Turkish protesters are giving their government the silent treatment.
Hundreds of men and women stood silently Tuesday in Istanbul's Taksim Square emulating the performance artist whose quiet protest Monday night quickly gained him the nickname "Standing Man."
For more than five hours, Erdem Gunduz had stared toward a portrait of Kemal Ataturk, the founder of the modern Turkish state, whose likeness adorns the side of the Ataturk Cultural Center in the square.
Police eventually moved in to arrest many of those who had joined him, but it was unclear Tuesday whether Gunduz was in custody.
His quiet defiance came after police broke up weekend anti-government protests with tear gas and water cannon.
Turkey has been wracked by more than two weeks of protests against the government of Prime Minister Recep Tayyip Erdogan. But many of those who joined Gunduz said they were standing only for peace, not taking sides.
"I'm standing against all violence," said Koray Konuk, one of those arrested. "I'm standing there so that the events that we've been witnessing and the events taking place over the last two to three weeks can come to a standstill."
Konuk, 45, told CNN that police put him on a bus with up to 20 other people who had joined Gunduz, but that Gunduz was not among them.
"I was just standing. They arrested a man who was just standing," he said. "That is absurd."
People, alone or in pairs, continued to arrive and stand silently at the square throughout the day Tuesday. Some held hands in a quiet show of solidarity, and a few supporters even took to putting sunscreen on the faces of some protesters.
But police once again arrived in large numbers and took the placid protesters away in vans.
The hushed tableau came two days after police swept into Taksim Square and neighboring Gezi Park to clear out anti-Erdogan protesters.
The demonstrators tried to return to the park Sunday, only to be driven back by police.
Root of protests
The unrest began in Istanbul in late May, when a small group of people turned out to protest government plans to bulldoze Gezi Park, the city's last green space, and replace it with a shopping mall housed inside a replica of 19th century Ottoman barracks.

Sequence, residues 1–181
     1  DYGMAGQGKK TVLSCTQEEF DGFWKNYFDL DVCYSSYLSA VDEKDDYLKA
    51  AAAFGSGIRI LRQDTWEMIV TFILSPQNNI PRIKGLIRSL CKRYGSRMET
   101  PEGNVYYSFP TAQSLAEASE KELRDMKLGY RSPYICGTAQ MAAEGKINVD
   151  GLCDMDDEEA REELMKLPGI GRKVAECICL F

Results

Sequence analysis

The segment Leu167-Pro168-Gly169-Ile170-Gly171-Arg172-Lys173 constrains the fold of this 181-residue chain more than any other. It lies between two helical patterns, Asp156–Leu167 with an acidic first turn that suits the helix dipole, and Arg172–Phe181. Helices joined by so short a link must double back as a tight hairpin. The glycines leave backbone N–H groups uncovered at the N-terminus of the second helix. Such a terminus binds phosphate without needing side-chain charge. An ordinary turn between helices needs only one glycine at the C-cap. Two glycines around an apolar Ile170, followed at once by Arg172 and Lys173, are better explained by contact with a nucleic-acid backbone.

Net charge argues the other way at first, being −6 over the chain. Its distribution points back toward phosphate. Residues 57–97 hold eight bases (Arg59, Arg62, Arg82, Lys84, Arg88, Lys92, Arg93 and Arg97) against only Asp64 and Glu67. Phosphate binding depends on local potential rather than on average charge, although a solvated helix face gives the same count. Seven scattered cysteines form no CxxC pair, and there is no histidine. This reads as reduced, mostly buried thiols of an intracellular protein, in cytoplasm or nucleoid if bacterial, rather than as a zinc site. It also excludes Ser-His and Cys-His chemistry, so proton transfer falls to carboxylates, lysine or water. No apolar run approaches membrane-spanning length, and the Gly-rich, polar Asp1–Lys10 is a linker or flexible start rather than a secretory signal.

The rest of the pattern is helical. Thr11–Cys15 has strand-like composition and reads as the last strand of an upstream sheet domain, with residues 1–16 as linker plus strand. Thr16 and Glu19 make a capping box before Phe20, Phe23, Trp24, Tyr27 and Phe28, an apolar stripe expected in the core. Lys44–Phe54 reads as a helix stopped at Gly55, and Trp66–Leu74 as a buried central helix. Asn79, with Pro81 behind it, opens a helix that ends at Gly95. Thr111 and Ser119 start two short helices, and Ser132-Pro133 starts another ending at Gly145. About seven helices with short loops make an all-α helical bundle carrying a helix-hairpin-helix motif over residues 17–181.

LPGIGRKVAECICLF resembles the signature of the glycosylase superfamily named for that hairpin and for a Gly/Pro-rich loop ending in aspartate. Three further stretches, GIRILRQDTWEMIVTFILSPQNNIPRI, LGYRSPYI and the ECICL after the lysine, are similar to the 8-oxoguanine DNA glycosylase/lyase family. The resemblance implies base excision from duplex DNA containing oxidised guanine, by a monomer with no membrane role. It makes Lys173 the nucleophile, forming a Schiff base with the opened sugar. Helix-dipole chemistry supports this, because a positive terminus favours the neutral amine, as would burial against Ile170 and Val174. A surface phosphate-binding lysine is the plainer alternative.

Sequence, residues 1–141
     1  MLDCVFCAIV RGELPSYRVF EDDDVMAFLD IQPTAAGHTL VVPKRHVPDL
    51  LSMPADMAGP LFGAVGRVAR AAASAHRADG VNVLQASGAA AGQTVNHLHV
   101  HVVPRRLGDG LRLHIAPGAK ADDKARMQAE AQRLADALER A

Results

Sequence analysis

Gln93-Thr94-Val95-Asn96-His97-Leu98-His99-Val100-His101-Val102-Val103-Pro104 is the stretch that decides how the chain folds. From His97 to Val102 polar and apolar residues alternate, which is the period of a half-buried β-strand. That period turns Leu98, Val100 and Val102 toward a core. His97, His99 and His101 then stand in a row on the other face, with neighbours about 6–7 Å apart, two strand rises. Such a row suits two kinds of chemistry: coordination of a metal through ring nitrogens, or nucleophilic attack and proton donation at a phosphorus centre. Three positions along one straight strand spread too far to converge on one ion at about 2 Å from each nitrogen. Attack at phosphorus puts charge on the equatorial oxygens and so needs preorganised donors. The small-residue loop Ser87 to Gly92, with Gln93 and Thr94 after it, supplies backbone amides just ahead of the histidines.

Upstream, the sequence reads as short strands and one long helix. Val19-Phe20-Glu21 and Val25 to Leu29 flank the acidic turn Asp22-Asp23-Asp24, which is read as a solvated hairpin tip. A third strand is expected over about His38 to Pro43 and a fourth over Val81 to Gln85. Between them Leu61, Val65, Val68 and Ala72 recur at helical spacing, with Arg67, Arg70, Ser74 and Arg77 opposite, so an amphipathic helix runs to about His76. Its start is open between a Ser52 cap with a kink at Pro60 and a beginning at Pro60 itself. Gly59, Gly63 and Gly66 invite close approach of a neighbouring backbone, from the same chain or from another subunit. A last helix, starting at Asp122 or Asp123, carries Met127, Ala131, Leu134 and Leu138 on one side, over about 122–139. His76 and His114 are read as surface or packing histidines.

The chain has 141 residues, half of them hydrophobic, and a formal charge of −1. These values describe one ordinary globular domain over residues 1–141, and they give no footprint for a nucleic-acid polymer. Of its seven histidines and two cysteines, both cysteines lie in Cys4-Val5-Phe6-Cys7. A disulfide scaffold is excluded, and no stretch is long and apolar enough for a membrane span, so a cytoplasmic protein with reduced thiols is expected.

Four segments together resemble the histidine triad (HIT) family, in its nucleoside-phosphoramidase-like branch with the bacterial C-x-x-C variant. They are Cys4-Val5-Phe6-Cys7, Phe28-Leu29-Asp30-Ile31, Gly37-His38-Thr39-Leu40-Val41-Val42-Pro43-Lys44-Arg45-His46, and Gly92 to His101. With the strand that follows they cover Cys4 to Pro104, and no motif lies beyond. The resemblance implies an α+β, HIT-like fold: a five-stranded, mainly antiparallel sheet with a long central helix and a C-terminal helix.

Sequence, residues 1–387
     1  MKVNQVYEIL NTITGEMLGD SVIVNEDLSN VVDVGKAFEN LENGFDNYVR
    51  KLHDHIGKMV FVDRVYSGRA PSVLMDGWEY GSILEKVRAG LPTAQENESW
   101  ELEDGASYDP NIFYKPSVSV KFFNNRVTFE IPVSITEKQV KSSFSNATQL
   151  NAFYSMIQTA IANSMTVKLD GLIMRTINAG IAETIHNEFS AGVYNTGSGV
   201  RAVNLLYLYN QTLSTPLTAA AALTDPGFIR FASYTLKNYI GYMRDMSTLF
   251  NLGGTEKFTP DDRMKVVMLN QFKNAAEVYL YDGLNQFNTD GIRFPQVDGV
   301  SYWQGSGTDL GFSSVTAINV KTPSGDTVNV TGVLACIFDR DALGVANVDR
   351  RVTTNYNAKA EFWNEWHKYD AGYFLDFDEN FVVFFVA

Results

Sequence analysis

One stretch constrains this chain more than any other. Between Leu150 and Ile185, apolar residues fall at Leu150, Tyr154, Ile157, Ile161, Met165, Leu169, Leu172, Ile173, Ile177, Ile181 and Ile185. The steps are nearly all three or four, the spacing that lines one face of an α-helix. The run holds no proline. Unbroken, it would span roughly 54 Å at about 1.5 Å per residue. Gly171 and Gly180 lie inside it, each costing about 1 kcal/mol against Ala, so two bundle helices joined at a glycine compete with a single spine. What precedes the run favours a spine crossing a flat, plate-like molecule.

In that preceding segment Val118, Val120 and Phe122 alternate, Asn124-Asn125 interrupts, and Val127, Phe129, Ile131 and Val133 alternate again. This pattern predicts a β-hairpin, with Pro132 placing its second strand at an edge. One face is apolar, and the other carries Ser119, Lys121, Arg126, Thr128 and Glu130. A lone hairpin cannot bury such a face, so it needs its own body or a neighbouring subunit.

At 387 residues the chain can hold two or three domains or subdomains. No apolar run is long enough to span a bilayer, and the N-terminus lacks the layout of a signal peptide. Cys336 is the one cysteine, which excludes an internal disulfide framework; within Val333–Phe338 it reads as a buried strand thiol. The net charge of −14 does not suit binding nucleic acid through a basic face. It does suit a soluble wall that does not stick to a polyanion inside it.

Protesters said the plans represented a creeping infringement on their rights in a secular society.
Turkey was founded after secularists defeated Islamic Ottoman forces in the early 20th century, and many modern-day secularists frown on Ottoman symbols.
Soon after the demonstrations began, security forces cracked down on the protesters. Instead of ending the activity, however, the crackdown prompted more people to come out, many calling for political reforms.
The unrest also brought political risks for Erdogan, a populist and democratically elected politician serving his third term in office.
Speaking Tuesday to a parliamentary group meeting of his Justice and Development (AK) Party, Erdogan said he had no intention of restricting anyone's democratic rights. "If you want to make a protest do it, do it, but do it within the framework of law," he said.
He accused the international media of misrepresenting events in Turkey.
"Vandalism (footage) was twisted and displayed as if it was a innocent environmental protest," he said. "International media reported on this in a manner to deceive those who are not acting with them to their side."
He said security forces were being patient, refraining from using guns even when two police officers were wounded by gunfire. "When their warnings are not heeded, they use tear gas," he said.
The police will not turn a blind eye to illegal actions, he said, in an apparent reference to the ongoing protests.
Erdogan reiterated that the government will abandon its plans to build in Gezi Park if the people of Istanbul vote against them.